Charity Commission
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‘Take action on fraud’, regulator warns charities, as new figures show over £8 million reported lost to crime last year

The Charity Commission is warning charity leaders to protect their organisations against fraud and cybercrime, after new figures show charities reported almost £8.6 million of lost funds in the last financial year.

This latest data from Action Fraud also shows 1,059 separate incidents of fraud were reported by charities in just one year from April 2020 to March 2021. The true scale of fraud against charities is believed to be much higher, as fraud is known to be underreported.

The Commission is highlighting these figures, and the live risk to charities from fraud, as part of Charity Fraud Awareness Week, an annual campaign that kicked off yesterday that aims to highlight ways charities can protect themselves from this crime.

This warning comes as other new figures, released yesterday, show that around 65% of charities feel the pandemic has increased their risk of fraud. Charities expressed concerns that risk may have been increased as a result of more remote working and virtual sign-off processes.

Together with the Fraud Advisory Panel, the regulator is urging all trustees to sign up to a new Stop Fraud Pledge, which commits charities to taking six practical actions to reduce the chances of failing victim to fraud.

The pledge includes measures such as appointing a suitable person to champion counter-fraud work throughout the organisation, performing stringent checks and due diligence, and assessing each year how well fraud controls are working, what new risks there may be and what improvements are needed.

Helen Stephenson CBE, Chief Executive of the Charity Commission, yesterday ​said:

Charity is special – it delivers good to so many people’s lives and helps strengthen our society. When the public donate generously to charities it is because they want to make a real and positive difference to a cause they often care deeply about, and they want to know their money will reach the ‘front line’.

Sadly, as these figures we have released today show, there remain criminal individuals who would take advantage of organisations that seek to do good and of those that generously donate.

That is why I am calling on all charities to take the risk of fraud seriously by signing up to our new Stop Fraud Pledge and taking six simple steps to protect their charity. Combating fraud gives the public confidence that their money is safe, protects vital funds for charities and more widely helps maintains trust in the charities we all care so passionately about.

David Clarke, Chair of the Fraud Advisory Panel, yesterday said:

With fraud and cybercrime at record levels it has never been more important for charities to be aware of the risks and how they might be affected. As we emerge from the pandemic, charities need to recover and flourish without fear of fraud. Taking relatively simple measures can go a long way to protecting your charity and keeping it safe from harm.

It is concerning that a small minority of charities still do not financially invest in fraud prevention activities. This shows that there is still more to be done. We encourage charities to sign up to the pledge to help protect themselves and minimise the risks.

Charities that are concerned they have been the victim of fraud or cybercrime, should report to Action Fraud and as a serious incident to the Charity Commission.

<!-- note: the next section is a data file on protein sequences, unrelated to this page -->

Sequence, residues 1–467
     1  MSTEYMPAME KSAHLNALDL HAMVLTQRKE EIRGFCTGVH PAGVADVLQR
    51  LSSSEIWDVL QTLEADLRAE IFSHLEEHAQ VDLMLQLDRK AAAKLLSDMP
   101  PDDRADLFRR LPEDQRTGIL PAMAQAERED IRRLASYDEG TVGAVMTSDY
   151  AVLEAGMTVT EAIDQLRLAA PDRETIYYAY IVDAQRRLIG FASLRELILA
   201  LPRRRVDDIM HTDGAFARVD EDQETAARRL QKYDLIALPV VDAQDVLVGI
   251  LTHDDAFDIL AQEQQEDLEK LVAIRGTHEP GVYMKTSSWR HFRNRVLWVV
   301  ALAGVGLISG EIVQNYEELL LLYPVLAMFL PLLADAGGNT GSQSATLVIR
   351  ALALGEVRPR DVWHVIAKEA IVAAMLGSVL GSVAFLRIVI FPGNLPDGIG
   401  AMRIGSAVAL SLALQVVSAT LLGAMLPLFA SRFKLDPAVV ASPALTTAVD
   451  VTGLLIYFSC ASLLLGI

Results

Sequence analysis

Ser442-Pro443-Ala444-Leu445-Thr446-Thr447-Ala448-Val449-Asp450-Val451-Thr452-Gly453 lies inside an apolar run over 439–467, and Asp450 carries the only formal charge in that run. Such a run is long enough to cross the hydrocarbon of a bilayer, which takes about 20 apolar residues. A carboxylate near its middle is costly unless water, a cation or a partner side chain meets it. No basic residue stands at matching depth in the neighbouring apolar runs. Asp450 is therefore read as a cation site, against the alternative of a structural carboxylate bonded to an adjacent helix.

Individuals can also report phishing messages to the National Cyber Security Centre through the Suspicious Email Reporting Service (SERS).

Notes to Editors

  1. Charity Fraud Awareness Week runs from 18 to 22 October 2021. The week aims to raise awareness of fraud and cybercrime affecting the sector and to create a safe space for charities and their supporters to talk about fraud and share good practice. #StopCharityFraud.
  2. Figures on reports of fraud and total fraud losses to charity are based on reports made to Action Fraud between April 2020-March 2021.
  3. A small-scale survey of charities (70 responded) conducted by BDO LLP in partnership with the Fraud Advisory Panel in September 2021 revealed the following: 65% of respondents either agreed or strongly agreed that the pandemic has increased the risk of fraud to their charity. 53% of respondents believed that the pandemic has made it more difficult to manage the risk of fraud within their charity. 60% of charities said that their financial investment in fraud prevention has stayed the same during the pandemic. A further 14% said they do not financially invest in fraud prevention at all. 90% of respondents said that the risk of fraud to their charity over the next 12 months is expected to remain at the same level or increase.
  4. Charities can find free tools and advice on the new website
  5. The National Cyber Security Centre and the Charity Commission have worked together to produce resources relevant to charities of all sizes. The Cyber Security: Small Charity Guide provides simple, free/ low-cost steps to improve cyber security. The Board Toolkit is most relevant for larger charities and helps boards and senior managers understand cyber security from a governance perspective.
  6. The Charity Commission is the registrar and regulator of charities in England and Wales. Its purpose is to ensure charity can thrive and inspire trust, so that people can improve lives and strengthen society.
  7. The Fraud Advisory Panel is the voice of the counter-fraud profession, committed to tackling fraud and financial crime. We aim to strengthen fraud resilience by championing best practice in fraud prevention, detection, reporting, investigation, and prosecution. We do this through education, advice and

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